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This question already has an answer here:

I have been driving myself mad trying to prove it one way or the other, I understand how it is derived and how to use it etc. but it still seems to me to be saying that (m/s)=(rad/s)*(m) which I don't think is dimensionally homogenous, what happens to the radians. Couldn't find anything on the internet about the homogenuity of it. I am probably just being stupid but please if anyone could shed some light on this that would be amazing.

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marked as duplicate by Aaron Stevens, By Symmetry, Community Mar 7 at 14:32

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What you call angular rotation is angular velocity. The dimension of angular velocity is one over time, because the angle is dimensionless.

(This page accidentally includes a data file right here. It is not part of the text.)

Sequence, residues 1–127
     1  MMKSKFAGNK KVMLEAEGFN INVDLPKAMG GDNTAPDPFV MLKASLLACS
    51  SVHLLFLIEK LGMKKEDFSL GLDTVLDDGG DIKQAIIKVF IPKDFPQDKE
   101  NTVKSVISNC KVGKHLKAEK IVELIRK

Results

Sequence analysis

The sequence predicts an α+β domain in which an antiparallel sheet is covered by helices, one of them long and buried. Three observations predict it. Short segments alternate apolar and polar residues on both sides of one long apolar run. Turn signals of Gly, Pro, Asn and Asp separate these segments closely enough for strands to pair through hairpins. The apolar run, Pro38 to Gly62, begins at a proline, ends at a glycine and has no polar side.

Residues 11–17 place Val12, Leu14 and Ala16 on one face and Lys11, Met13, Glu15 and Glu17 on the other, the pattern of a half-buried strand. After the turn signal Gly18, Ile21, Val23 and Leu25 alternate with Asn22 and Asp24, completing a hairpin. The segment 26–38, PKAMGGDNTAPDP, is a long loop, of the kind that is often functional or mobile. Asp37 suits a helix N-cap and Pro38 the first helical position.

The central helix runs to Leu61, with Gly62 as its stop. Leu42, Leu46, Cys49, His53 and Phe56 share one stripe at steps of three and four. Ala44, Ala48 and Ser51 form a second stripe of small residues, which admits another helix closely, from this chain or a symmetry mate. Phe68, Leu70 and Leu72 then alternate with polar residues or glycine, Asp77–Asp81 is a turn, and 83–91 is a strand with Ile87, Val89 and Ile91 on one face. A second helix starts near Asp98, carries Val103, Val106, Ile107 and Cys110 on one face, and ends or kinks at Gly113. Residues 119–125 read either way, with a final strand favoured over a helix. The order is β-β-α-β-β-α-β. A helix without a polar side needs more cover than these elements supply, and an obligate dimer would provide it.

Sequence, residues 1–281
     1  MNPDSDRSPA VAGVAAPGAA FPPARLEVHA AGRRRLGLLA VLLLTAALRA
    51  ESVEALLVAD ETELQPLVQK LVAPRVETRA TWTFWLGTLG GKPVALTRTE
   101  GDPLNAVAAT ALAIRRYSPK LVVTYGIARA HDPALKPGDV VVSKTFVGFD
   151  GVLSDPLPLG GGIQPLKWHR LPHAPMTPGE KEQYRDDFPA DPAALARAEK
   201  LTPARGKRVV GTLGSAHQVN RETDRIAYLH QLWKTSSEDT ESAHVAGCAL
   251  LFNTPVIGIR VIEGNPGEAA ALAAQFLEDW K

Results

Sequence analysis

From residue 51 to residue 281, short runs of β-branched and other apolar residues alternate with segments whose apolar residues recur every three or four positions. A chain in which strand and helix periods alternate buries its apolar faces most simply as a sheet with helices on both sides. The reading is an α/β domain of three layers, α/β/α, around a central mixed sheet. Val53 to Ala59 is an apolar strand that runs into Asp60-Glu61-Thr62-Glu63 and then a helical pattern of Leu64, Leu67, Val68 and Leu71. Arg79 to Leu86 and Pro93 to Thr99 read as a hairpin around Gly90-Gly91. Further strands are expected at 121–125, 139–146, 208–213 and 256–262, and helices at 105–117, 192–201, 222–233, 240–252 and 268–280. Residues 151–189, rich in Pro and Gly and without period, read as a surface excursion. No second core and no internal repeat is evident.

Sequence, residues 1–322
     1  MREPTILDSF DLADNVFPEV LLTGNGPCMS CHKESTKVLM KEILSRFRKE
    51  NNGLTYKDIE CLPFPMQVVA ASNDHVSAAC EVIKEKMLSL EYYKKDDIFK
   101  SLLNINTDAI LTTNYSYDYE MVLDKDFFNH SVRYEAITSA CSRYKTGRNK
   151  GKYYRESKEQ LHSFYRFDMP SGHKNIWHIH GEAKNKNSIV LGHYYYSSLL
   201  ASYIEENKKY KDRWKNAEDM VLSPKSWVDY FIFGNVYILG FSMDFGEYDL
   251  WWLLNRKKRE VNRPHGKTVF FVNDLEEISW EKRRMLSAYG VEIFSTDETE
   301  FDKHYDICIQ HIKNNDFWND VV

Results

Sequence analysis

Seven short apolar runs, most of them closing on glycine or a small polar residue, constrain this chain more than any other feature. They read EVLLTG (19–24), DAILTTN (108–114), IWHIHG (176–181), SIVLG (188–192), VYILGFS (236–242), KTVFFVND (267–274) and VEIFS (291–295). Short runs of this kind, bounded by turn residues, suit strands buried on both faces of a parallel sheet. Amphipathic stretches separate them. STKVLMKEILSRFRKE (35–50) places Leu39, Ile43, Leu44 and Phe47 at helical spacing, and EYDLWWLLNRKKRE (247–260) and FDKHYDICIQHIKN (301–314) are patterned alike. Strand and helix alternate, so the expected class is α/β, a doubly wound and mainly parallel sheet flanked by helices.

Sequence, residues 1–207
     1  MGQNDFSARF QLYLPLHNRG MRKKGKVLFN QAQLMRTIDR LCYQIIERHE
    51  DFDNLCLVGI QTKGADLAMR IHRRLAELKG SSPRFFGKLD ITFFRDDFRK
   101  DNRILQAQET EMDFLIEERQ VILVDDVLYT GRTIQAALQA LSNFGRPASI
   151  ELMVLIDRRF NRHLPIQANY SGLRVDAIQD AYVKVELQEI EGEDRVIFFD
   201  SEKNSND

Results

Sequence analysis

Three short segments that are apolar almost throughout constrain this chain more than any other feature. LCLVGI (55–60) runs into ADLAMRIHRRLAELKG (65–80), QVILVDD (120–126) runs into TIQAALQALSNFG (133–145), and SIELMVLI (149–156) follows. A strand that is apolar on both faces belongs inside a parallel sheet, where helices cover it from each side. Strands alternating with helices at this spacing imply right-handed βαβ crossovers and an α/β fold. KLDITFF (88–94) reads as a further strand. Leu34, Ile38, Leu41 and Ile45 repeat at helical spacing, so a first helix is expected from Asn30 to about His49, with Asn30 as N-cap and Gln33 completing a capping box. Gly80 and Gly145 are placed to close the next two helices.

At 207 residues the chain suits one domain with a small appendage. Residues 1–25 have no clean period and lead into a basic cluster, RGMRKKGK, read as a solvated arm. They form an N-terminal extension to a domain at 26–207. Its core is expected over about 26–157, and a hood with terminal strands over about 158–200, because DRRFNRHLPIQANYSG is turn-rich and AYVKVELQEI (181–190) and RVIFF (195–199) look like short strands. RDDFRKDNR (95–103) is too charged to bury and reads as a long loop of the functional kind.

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  • $\begingroup$ hyperphysics.phy-astr.gsu.edu/hbase/rotq.html I was just on this site and they said the angular velocity has the units radians/second, in the bit about angular velocity. Also I always thought that angular velocity=2*pi*f where f was rev/s. Am still a bit confused. Thanks for the speedy answer though. $\endgroup$ – Dean Magnus Mar 7 at 14:26

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